Richard Nisley


Echo in the Canyon, a documentary
Pop Culture Released - Oct 12, 2019
The star of this documentary is not the glittering array of talented bands and singers who called Laurel Canyon their home, but the songs that emerged from Southern California in the years 1965 to 1967. Hearing these songs performed by a number of today's singers is to hear them anew, and to marvel at how great they truly are: songs associated with the Byrds ("Wild Mountain Thyme", "It Won't Be Wrong", "Bells of Rhymney", "Goin' Back"), the Beach Boys ("In My Room", "I Just Wasn't Made For These Times"), Buffalo Springfield ("Expecting to Fly", "Questions"), the Mamas and Papas ("Monday, Monday", "Go Where You Wanna Go"), and by the Association ("Never My Love",). The singers are led by Jakob Dylan, who, with director Andrew Slater, dreamed up, wrote and produced this documentary. Other featured singers and musicians include Cat Power, Fiona Apple, Regina Spektor, Norah Jones, Beck, Jade Castrinos and Josh Hommel. All the girls have great voices. To hear them perform, particularly Jade Castrinos, who really cuts loose on a verse from "Go Where You Wanna Go," is stunning, and worth the price of admission.

A number of rock stars who resided in Laure Canyon in the 1960s are interviewed by Jakob Dylan: former Byrds Roger McGuinn and David Crosby; Brian Wilson of the Beach Boys; former Buffalo Springfield member Stephen Stills; John Sebastian of the Lovin' Spoonful; and from the Mamas and Papas, Michelle Phillips and producer Lou Adler. Also interviewed are artists from more recent times but long associated with the Southern California music scene: Jackson Browne and Tom Petty; plus a trio of Englishmen who spent a lot of time in and around Laurel Canyon in the late '60s: Eric Clapton, Graham Nash, and Ringo Star. The interviews make this documentary highly worthwhile.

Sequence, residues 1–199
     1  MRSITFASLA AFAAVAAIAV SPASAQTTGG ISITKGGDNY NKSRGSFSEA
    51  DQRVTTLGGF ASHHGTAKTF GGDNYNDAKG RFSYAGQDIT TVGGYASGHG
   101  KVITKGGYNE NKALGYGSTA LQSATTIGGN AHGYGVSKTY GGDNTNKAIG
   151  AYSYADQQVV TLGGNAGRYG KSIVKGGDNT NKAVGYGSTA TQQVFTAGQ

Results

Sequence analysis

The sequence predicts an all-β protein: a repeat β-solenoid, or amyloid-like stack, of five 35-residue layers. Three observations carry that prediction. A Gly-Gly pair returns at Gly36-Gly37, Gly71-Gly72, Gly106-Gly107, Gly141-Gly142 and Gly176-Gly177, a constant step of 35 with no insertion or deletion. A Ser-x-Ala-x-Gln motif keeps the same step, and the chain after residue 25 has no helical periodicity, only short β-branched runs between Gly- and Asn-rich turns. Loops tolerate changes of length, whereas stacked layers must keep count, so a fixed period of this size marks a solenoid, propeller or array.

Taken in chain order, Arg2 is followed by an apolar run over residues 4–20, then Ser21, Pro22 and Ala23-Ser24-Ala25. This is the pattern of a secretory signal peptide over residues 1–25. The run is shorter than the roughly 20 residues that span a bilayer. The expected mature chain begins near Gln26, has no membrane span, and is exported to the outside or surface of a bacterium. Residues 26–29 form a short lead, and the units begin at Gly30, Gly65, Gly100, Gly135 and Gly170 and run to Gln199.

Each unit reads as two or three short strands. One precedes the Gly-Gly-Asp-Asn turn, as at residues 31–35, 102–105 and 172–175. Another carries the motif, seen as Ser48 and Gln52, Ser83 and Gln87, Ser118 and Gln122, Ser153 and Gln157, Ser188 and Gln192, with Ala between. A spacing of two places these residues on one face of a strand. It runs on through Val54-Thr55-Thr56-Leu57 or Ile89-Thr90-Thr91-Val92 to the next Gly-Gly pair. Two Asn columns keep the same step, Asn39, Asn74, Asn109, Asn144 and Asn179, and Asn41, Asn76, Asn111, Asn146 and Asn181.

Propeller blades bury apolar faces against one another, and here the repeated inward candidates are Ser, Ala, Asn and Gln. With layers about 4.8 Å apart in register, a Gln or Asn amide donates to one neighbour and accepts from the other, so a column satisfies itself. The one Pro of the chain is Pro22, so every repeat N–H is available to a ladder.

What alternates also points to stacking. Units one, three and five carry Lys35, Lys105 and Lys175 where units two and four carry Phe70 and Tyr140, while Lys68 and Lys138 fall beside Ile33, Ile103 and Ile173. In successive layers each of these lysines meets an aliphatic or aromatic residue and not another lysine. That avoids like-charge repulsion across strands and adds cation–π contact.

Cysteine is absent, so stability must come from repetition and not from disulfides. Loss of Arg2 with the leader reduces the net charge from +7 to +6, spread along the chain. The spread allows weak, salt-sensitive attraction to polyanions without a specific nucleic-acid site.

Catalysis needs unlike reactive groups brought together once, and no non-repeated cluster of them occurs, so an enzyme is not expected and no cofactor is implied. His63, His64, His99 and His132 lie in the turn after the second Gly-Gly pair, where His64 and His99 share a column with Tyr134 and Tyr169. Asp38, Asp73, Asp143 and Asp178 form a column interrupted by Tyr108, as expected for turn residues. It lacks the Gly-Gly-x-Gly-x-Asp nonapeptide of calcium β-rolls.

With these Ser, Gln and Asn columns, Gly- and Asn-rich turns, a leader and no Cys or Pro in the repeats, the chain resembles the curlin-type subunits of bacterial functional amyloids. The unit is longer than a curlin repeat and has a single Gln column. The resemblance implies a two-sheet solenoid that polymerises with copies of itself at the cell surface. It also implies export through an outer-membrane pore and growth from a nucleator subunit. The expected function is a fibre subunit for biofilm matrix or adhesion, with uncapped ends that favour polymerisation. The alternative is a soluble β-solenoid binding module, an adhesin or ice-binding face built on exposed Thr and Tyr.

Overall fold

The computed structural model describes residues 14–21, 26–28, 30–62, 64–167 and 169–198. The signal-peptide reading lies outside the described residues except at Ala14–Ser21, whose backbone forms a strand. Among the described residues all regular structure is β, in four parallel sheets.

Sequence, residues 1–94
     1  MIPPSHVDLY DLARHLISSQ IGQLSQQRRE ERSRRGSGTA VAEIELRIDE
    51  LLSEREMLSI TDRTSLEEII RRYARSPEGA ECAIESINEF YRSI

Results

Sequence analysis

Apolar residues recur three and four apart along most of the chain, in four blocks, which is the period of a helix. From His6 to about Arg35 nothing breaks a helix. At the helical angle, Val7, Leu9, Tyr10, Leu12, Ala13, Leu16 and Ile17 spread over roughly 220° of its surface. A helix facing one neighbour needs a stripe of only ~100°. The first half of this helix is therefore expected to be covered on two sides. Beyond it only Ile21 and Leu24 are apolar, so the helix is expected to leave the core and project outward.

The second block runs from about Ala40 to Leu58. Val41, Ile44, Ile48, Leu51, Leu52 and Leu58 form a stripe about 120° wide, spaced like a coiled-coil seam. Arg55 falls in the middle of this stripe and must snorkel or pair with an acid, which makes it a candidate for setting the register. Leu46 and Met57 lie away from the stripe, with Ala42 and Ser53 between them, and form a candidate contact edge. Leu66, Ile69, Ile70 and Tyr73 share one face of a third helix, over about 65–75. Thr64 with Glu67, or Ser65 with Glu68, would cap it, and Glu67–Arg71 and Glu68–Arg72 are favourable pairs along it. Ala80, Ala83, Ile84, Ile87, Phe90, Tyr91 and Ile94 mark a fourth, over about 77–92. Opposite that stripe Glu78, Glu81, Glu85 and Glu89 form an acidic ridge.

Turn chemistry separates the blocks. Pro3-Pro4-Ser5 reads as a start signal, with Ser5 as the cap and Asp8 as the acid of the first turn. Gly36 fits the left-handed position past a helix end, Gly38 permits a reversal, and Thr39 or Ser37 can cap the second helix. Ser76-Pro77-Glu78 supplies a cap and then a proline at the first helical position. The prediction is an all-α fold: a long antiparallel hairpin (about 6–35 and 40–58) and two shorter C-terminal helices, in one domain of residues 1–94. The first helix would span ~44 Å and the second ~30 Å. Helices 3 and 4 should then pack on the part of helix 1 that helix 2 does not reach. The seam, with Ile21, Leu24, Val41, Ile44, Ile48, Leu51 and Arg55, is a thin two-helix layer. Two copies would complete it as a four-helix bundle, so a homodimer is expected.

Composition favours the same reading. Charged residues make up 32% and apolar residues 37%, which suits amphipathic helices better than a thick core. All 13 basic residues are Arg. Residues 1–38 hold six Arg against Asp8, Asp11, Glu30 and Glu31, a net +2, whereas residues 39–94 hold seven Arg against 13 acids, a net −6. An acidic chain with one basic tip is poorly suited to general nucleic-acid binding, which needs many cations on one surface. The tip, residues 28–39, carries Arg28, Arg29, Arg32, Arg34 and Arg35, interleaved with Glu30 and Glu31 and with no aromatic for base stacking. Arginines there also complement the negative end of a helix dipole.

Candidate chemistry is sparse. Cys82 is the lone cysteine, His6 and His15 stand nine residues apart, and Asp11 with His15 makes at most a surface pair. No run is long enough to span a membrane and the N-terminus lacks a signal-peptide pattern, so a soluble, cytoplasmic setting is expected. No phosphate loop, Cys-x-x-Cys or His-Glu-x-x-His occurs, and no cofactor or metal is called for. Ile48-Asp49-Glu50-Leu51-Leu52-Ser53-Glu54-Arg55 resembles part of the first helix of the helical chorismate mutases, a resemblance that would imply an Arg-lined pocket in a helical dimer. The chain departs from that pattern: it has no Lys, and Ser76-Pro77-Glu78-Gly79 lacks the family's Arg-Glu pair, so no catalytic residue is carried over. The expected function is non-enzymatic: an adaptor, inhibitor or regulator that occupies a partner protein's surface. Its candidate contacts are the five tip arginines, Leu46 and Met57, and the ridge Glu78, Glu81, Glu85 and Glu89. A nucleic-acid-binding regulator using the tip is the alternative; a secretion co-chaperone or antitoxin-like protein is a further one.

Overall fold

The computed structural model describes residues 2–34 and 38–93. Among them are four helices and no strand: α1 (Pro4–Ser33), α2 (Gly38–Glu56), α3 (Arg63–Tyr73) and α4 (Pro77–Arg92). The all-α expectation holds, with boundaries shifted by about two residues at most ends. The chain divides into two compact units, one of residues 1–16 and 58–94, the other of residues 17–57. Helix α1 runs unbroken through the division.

Interestingly, Brian Wilson says he used four Hollywood sound studios to record his magnum opus–"Good Vibrations": United Western Recorders, for drums, bass and guitars; Sunset Studio, for "tech piano"; Gold Star Recorders for its echo chamber; and the RCA Victor studio for vocals.

Producer Lou Adler gives a mini tour inside Studio Three for United Western Recorders, and with Michelle Phillips discusses the days when the Mamas and Papas recorded their hits there.

Interspersed with the interviews and music footage are scenes from the 1969 movie "Model Shop" starring Gary Lockwood, which was shot in and around Hollywood at the time this music was being made.

Given a lot of credit is Roger McGuinn, who was the first to see the possibilities of uniting folk music with Rock N Roll. And, of course, his name has long been associated with the electric Rickenbacker 12-string guitar, which readily identified the Byrds' unique sound. And while it was not discussed, it seems fitting that McGuinn and the Byrds should record their masterpiece "The Notorious Byrd Brothers" at the end of 1967, when the era of Southern California folk-rock was drawing to a close.

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